You need a strong dose of reality to pick a major that helps you on the job market.
But reality doesn’t really hit you until you’re on the job market.
But if you go to college right out of high school, you don’t really hit the job market until after college.
This seems like a problem.
The highschool-to-college pipeline which expects kids to have their major picked straight out of K-12 seems a little unreal. Because selecting your major essentially means selecting your career. And K-12 is an environment in which they are essentially still being babysat.
So you’re asking kids to go straight from being treated as glorified toddlers, environments where chances are they still have to ask permission to use the bathroom, to asking them to decide to pick what they’re going to gamble what could end up being a nearly lifelong debt sentence on, picking what they want to spend four years paying out the nose for and studying, and effectively asking them what they want to do for the rest of their lives.
Because, if they hit the job market and actually get on-the-job experience and find out, whoa, this is not actually what I want to do – what, do they get a second chance? To go back to school, and try something else?
Not really. A lot of people don’t. Some people never get a first chance.
Some kids are financially practical, and God bless them, but a lot of kids aren’t, because that’s not what kids, by definition, are. A lot of kids are still thinking about Batman, because kids are kids.
Sorry, let me just hit you with some unfortunate reality, as someone with a history degree, who has been fighting my way into IT.
Anyone who tells you that getting a liberal arts degree is at all workable in today’s world is an asshole who is just drinking the koolaid and trying to justify their own decision to themselves, or maybe one of the rare few who lucked out and got a tenure position and is selling academia’s multi-level marketing scheme.
The lack of time on the job market before choosing a college major completely destroys the feedback loop between decision-making and consequences for the decision. Therefore it is no wonder that kids choose college majors completely in the abstract with zero connection to actual careers available.
It’s worth considering that maybe young people should have to wait before applying to college and work jobs with a high school degree and be forced to live with the questions of:
- Oh shit, what would living on my own be like?
- What would paying all these bills be like? What the hell are these? This is a thing?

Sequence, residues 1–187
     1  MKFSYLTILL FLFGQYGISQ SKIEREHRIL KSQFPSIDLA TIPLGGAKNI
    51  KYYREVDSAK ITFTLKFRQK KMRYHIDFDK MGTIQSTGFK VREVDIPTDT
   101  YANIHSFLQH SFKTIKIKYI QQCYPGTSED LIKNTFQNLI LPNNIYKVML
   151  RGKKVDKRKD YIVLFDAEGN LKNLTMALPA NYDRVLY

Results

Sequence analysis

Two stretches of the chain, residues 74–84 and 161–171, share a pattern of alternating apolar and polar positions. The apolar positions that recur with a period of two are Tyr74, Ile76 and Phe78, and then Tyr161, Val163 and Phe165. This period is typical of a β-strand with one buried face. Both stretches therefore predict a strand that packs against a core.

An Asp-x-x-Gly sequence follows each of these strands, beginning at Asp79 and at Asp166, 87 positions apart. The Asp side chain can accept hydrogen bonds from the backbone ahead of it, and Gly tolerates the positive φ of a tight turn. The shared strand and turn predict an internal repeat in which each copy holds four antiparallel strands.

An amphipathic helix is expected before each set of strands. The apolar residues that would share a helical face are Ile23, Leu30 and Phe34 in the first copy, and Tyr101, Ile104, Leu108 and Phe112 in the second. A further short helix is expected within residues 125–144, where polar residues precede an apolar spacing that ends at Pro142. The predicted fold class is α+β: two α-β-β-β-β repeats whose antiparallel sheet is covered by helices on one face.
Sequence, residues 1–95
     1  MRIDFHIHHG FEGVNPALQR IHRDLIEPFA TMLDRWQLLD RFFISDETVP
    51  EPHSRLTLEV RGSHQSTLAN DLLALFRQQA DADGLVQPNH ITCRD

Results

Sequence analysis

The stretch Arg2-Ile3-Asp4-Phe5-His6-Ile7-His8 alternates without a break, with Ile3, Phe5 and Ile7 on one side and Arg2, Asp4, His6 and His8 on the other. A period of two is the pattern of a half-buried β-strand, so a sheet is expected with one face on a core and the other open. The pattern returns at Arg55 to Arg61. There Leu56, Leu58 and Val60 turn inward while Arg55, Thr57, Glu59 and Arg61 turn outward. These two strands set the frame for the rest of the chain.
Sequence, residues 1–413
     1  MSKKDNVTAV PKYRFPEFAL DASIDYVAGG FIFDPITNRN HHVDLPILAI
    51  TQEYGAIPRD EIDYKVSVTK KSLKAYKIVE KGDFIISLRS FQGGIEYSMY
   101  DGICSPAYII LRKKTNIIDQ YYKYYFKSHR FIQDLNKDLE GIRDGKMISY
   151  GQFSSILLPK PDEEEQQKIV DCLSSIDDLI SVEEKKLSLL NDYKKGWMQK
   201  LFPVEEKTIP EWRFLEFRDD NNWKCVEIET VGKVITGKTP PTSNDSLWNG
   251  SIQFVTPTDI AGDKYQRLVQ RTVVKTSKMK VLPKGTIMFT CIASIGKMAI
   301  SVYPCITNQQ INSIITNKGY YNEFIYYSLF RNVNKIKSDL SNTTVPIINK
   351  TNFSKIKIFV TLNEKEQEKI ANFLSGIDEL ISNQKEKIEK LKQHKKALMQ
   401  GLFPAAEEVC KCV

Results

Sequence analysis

- What jobs are actually out there, which, you know, actually exist, instead of just being my fantasy?
- What jobs actually make enough money to support me?
- What degrees do you need for those jobs, as opposed to random degrees that are just sort of cool stuff I like?
If you handled things this way, they might pick a wiser major.
The German system of education has apprenticeship programs where education is much more closely tied to actual careers and actual employment opportunities which actually exist. It’s not how their entire education system works, they definitely still give you the opportunity to blow your time on liberal arts degrees that leave you not only unemployed if not actually even unemployable, but at least a part of their system works that way.
Young people are young people. They need society’s guidance. They shouldn’t be blamed, or economically punished, for making these decisions. They shouldn’t even be asked to make decisions which they can’t yet possibly have the information or perspective or life experience to make, decisions which nonetheless leave them endebted for possibly a decade or more and financially impacted and disadvantaged for literally the rest of their lives. Society is forcing financial decisions on young people that are literally over their heads and punishing them for it later. This is an obvious racket.
Free college and debt cancellation for everyone would be nice.
As long as we live in capitalism and aren’t being given transitional demands, our education system should literally limit the combined admissions of departments to the total economically forecast jobs available in those fields. This way we don’t have a surplus of people with relevant degrees, and resultingly people with student debt who can’t pay it.
This won’t be implemented, though, because the liberals will think it’s too restrictive and draconian, and also because it makes too much utilitarian sense.
And if you do want to let kids blow their futures on the liberty of studying whatever they want? Just to, I don’t know, be educated about society, only to suffer having to enter the workforce taking jobs with essentially highschool degrees encumbered by overqualification, cultural dislocation, and a mountain of debt?
Are you really being humane to them?
And let’s be real, a lot of what they teach in colleges really isn’t really radicalism, it’s just liberalism cloaked in the language of radicalism. It’s not consistently anti-capitalist and it has no substantial strategy for systemic change.
If they’re going to go in that direction, though, just advise them on what they’re really getting into. Be real with them.
But could they even possibly have the life experience to even understand what the hell you’d be telling them?
Maybe this is a choice better made for them.
In retrospect I wish my parents had said, “Shut the fuck up son, we’re not letting you go to college for anything but STEM.”
Since they were partially paying, they literally had the economic power to stop me. They could have. They didn’t.
Sometimes that’s what love means.